The crude fat content of seeds was higher in the open-pollinated cultivar and in the semi-dwarf hybrid cultivar (506–509 g crude fat kg−1 DM seeds). An increase in N rate decreased (by 2–5%) the crude fat content of seeds (Table 6) and the greatest decrease (5%) was noted in the semi-dwarf hybrid cultivar (Figure 10). The adverse effect of N fertilization on crude fat concentration was less pronounced when precipitation was low during the spring and summer growing seasons (year 3) (Figure 11). Spring S fertilization had no influence on the crude fat content of seeds in any of the analyzed cultivars (Table 3).
The concentrations of major fatty acids (FAs) in the oil of winter oilseed rape reached 60–64% C18:1, 19–23% C18:2 and 10–11% C18:3. The long-stem hybrid cultivar (Artoga) was least abundant in C18:1 (59.5%) and most abundant in C18:2 (22.5%) and C18:3 (11.4%). Nitrogen fertilization contributed to an increase in C18:1 (up to 130 kg N ha−1) as well as C18:2 and C18:3 (up to 180 kg N ha−1) levels (Table 6). The content of major FAs in the oil of winter oilseed rape was not significantly affected by S fertilization (Table 3).
The semi-dwarf hybrid cultivar (PR44 D06) accumulated significantly less total protein (by 7.6–8.8 g kg−1 DM) than long-stem cultivars (Adriana and Artoga). Nitrogen applied in spring up to the rate of 180 kg ha−1 increased total protein concentration in the seeds of winter oilseed rape by 6% (Table 6). The effect of N and S fertilization on total protein content varied across cultivars (Cv. × N and Cv. × S interactions) (Table 3). Nitrogen contributed to a greater increase in the total protein content of seeds in hybrid cultivars (13%) than in the open-pollinated cultivar (5%) (Figure 12). Protein synthesis increased (by 3%) under the influence of S fertilization only in long-stem cultivars (Adriana and Artoga). In the semi-dwarf hybrid cultivar (PR44 D06), S fertilization decreased total protein concentration by 2% (Figure 12).
Long-stem cultivars (Adriana and Artoga) accumulated 34–39% more GLS than the semi-dwarf hybrid cultivar (PR44 D06) (Table 6). In long-stem cultivars, N rates up to 180 kg ha−1 decreased GLS content by 7–8%, whereas higher N rates increased GLS content by 7–11%. The GLS content of seeds in the semi-dwarf hybrid cultivar was not significantly modified by N fertilization (Figure 13). Sulfur fertilization rates of 40 kg ha−1 and 80 kg ha−1 increased GLS levels by 19% and 29%, respectively (Table 6). The GLS content of seeds in long-stem cultivars increased up to the S rate of 80 kg S ha−1 and it was 1.4-fold higher in the hybrid cultivar than in the open-pollinated cultivar (2.6 μM g−1 DM vs. 3.7 μM g−1 DM). In the semi-dwarf cultivar, GLS levels continued to increase up to the S rate of 40 kg S ha−1 and were 30% lower than in long-stem cultivars (Figure 13). A significant interaction of N × S fertilization was found for the GLS content of winter oilseed rape seeds (Table 3). The S-induced increase in GLS levels was enhanced by growing rates of N fertilization (Figure 14). Therefore, N fertilization exacerbated the negative effects of S fertilization on the GLS content of all studied cultivars.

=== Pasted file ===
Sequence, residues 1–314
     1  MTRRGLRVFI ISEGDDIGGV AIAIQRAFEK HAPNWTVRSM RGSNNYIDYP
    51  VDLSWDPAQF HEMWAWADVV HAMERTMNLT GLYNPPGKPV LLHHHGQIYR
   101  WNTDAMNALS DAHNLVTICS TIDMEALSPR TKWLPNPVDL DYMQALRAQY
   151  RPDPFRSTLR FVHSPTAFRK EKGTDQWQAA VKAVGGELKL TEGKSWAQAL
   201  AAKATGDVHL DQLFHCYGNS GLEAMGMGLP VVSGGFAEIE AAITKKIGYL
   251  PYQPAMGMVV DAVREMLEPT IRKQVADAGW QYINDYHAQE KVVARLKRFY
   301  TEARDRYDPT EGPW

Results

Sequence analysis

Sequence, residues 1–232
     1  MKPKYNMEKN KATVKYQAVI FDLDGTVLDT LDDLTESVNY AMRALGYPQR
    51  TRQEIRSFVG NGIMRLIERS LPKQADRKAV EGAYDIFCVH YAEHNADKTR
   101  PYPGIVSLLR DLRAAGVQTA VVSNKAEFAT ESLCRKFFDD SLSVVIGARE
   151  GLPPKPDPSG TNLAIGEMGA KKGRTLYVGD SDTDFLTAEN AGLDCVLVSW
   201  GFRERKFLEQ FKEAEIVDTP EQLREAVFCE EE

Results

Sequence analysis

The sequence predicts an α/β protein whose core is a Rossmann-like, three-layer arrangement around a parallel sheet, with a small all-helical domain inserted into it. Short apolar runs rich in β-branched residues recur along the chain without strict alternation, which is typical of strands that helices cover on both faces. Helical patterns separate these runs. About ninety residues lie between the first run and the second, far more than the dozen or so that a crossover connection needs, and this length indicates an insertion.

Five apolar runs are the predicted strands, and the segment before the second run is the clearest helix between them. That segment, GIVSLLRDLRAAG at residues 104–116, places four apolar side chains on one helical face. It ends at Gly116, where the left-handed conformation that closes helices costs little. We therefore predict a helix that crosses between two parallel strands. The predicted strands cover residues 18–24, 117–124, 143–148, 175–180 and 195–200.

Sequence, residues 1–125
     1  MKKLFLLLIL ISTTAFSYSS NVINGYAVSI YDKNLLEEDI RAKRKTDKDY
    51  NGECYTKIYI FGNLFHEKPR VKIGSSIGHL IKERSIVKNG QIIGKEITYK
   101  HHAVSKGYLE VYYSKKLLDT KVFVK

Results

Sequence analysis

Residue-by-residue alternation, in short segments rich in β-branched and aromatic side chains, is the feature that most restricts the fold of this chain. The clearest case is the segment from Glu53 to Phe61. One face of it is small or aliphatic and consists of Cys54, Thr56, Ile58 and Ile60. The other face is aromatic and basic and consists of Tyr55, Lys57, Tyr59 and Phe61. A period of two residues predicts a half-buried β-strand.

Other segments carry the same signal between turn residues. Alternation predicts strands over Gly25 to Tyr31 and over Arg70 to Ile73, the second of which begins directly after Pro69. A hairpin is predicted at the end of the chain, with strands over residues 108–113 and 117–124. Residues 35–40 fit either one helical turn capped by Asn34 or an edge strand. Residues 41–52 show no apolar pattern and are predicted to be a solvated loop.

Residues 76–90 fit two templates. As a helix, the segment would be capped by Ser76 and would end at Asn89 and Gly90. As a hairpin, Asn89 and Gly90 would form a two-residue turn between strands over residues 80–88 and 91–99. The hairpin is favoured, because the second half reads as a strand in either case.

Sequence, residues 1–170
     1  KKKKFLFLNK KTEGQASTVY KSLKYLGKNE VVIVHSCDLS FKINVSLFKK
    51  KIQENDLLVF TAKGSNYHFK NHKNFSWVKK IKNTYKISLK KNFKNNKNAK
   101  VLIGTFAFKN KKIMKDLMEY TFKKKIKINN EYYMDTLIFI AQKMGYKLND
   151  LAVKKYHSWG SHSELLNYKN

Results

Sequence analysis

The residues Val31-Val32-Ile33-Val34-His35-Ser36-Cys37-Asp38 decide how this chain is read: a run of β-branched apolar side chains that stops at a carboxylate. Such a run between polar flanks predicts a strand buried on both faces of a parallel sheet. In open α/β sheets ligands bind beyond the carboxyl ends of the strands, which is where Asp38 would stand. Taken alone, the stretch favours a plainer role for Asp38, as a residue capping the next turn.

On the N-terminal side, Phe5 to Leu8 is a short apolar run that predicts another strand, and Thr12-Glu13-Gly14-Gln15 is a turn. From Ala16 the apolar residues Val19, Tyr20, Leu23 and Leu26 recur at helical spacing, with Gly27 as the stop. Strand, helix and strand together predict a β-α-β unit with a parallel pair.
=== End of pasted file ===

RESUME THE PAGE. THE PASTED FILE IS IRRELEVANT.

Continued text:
The content of alkenyl GLS in total GLS ranged from 60% in the semi-dwarf cultivar to 74–75% in long-stem cultivars. Long-stem cultivars accumulated 66–75% more alkenyl GLS than the semi-dwarf cultivar (9.3–9.8 μM g−1 DM vs. 5.6 μM g−1 DM). An increase in the N fertilizer rate to 180 kg ha−1 decreased the content of alkenyl GLS by 8% in all cultivars of winter oilseed rape (Table 6). An increase in the N fertilizer rate from 180 kg ha−1 to 230 kg ha−1 increased (by 6–11%) the content of alkenyl GLS in long-stem cultivars and induced a further drop (by 3–4%) in the analyzed parameter in the semi-dwarf cultivar (Figure 15). Sulfur fertilization rates of 40 kg ha−1 and 80 kg ha−1 increased the content of alkenyl GLS by 28% and 40%, respectively (Table 6). The increase in the S fertilizer rate from 40 kg ha−1 to 80 kg ha−1 did not cause an increase in alkenyl GLS levels only in the semi-dwarf cultivar (Figure 15). The S-induced increase in the concentrations of alkenyl GLS was further exacerbated by a rise in N rates in all cultivars (Figure 16).
The lower heating value (LHV) of winter rapeseed was weakly modified by the experimental factors. The above parameter was marginally higher (by 2%) in years with lower precipitation during the spring and summer growing seasons (years 2 and 3). Hybrid (long-stem and semi-dwarf) cultivars were characterized by significantly higher LHV (by 1%) than the open-pollinated cultivar (Table 6). Nitrogen and S fertilization did not differentiate LHV values in any of the studied cultivars (Table 3).

3.4. Economic Efficiency of Winter Rapeseed Production

The costs associated with the production of the open-pollinated cultivar ranged from €542–599 (≤130 kg N ha−1) to €619–672 ha−1 (≥180 kg N ha−1). Sulfur fertilization increased the production costs of the open-pollinated cultivar by up to ±3%. In hybrid cultivars, production costs were €25–28 (long-stem) and €21–25 ha−1 (semi-dwarf) higher on average than in the open-pollinated cultivar. The difference (3–5% on average) between the production costs of hybrid cultivars and the open-pollinated genotype had no significant effect on cost structure. Mineral fertilizers accounted for 37–43% (≤130 kg N ha−1) to 47–49% (≥180 kg N ha−1) of total production costs in all cultivars (Table 7, Table 8, Table 9 and Table 10).